Teachers’ workloads will also increase with the school day and year, adding more than two years of instruction over the course of a new students career, Mayor Emanuel boasted, even though teachers in Chicago already work an average of 10 hours a day at school with an additional 2 hours at home (or roughly 800 hours more per year than their current contracts require).
Additionally, the union was able to fight off Mayor Emmanuel’s push for a teacher evaluation system which would have linked teachers pay directly to student test scores.
The controversial system had been criticized by many in the education system for punishing teachers for factors largely outside of their control, especially in low-income neighborhoods, where a student’s performance can and often is impacted negatively by problems at home, in access to transportation or research tools, and a myriad of other issues.
“Either way,” concludes Ms. Karoluk, an education worker close to the Chicago teachers’ strike, “CTU is not looking for a perfect contract. They just want a fair one.”
Many workers, however, remain skeptical of the city’s promises, she notes.
Chicago teachers were infuriated, for instance, when last year, the newly appointed school board voted to cancel contractually mandated pay raises for teachers. It surfaced later that the public schools had secretly diverted millions of dollars from teacher’s salaries and pensions in order to claim they were too broke to afford the pay raises.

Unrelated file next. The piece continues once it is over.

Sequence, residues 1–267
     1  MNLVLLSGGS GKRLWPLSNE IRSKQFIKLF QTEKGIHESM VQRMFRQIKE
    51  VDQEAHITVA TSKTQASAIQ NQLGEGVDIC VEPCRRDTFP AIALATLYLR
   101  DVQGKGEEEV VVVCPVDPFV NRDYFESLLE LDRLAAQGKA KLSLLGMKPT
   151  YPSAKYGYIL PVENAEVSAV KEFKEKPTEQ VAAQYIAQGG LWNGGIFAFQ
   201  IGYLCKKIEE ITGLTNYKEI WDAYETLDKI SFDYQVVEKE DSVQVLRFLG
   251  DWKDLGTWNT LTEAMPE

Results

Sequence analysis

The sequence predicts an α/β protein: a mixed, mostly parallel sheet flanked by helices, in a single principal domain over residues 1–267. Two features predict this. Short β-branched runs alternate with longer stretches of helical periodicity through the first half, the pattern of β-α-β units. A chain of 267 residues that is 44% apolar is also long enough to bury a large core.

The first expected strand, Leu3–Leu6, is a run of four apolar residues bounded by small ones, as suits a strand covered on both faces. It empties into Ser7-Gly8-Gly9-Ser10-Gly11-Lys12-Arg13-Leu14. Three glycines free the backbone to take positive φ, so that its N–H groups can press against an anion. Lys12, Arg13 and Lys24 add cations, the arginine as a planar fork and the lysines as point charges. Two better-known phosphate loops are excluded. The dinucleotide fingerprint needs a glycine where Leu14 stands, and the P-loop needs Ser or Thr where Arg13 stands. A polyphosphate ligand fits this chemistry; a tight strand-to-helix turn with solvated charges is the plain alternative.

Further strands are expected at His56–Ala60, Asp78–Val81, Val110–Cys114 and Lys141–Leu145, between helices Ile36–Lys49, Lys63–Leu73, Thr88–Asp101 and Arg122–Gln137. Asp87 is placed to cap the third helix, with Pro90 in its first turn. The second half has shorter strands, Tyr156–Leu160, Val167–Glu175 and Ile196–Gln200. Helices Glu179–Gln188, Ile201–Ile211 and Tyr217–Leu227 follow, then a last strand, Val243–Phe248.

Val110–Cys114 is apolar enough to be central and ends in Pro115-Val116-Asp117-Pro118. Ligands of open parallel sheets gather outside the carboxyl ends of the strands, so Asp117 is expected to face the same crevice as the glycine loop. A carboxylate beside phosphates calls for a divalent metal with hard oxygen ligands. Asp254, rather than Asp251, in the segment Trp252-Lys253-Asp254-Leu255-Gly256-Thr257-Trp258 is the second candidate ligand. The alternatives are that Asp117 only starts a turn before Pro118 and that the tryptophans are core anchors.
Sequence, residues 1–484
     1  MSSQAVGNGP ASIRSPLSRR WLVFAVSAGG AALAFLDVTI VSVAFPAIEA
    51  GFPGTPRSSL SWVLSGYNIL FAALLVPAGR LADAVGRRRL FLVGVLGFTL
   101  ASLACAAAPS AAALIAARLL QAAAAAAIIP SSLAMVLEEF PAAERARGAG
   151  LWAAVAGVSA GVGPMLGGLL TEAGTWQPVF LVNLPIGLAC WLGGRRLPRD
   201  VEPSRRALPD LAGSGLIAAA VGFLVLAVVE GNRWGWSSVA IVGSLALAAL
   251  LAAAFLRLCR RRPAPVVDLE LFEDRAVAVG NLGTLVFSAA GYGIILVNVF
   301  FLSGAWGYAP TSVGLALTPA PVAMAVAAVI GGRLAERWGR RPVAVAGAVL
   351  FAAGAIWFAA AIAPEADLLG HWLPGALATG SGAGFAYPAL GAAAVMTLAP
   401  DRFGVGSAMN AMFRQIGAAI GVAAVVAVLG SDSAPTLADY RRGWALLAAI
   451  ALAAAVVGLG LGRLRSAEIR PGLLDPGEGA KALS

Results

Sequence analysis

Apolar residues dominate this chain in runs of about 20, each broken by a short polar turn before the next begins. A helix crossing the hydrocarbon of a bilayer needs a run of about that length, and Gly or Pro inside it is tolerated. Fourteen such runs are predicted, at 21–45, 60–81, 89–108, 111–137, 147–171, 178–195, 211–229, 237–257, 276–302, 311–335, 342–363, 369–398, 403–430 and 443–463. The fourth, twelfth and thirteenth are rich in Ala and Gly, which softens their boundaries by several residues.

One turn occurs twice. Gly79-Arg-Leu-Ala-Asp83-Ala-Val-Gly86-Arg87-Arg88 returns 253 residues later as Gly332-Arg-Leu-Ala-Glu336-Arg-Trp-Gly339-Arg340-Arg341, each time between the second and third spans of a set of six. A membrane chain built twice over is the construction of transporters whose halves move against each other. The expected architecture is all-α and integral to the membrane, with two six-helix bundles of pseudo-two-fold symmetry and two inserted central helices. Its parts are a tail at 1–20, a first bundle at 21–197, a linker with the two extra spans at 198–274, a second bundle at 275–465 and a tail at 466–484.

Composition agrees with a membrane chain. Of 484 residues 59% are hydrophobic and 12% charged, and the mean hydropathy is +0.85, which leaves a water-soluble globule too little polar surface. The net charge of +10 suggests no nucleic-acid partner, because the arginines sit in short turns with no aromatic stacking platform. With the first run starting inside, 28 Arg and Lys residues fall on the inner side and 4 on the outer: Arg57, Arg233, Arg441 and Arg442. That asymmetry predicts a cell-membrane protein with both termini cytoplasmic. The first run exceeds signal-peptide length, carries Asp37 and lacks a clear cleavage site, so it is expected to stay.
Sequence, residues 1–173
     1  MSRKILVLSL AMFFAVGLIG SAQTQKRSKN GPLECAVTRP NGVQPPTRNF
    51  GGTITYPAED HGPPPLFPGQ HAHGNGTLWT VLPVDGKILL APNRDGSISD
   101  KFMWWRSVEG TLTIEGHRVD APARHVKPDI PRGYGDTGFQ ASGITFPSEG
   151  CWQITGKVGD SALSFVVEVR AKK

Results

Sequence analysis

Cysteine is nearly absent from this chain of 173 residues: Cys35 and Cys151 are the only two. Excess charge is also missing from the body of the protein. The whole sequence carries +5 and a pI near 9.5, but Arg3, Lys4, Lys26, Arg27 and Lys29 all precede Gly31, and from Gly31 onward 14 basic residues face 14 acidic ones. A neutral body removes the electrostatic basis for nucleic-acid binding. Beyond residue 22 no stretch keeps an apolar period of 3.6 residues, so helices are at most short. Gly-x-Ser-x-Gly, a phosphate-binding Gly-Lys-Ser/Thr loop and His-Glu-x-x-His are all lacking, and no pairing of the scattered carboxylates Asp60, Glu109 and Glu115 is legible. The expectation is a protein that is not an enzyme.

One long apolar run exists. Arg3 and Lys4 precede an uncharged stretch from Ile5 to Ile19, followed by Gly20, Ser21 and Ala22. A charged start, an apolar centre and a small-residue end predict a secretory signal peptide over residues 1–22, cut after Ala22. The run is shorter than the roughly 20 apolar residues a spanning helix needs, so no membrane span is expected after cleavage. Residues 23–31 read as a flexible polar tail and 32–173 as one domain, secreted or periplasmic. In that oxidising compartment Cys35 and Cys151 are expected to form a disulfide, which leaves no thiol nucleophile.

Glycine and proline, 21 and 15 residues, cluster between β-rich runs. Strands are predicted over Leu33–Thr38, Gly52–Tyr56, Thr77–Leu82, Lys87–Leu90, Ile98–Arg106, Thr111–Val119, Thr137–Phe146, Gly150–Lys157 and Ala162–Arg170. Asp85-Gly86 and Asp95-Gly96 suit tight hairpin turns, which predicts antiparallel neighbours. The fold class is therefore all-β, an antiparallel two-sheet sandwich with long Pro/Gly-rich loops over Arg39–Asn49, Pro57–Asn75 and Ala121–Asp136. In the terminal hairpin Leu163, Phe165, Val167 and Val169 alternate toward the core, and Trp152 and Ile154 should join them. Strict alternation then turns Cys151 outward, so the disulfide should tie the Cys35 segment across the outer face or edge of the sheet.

Some in the union, however, were equally concerned with what was not in the contract.
“In addition to details to be worked out in the next 48 hours,” noted Ms. Karoluk during the negotiations, in an article published on Libcom, “CTU members criticized the lack of language about school closings in the contract. This was evidently the number one concern of both the union delegate and all the CTU staff and teachers who were present at the meeting this morning at Jordan.”
“CPS already has an agreement with the Bill and Melinda Gates Foundation to open 60+ charter schools in Chicago, causing the closing of neighborhood schools in the process.”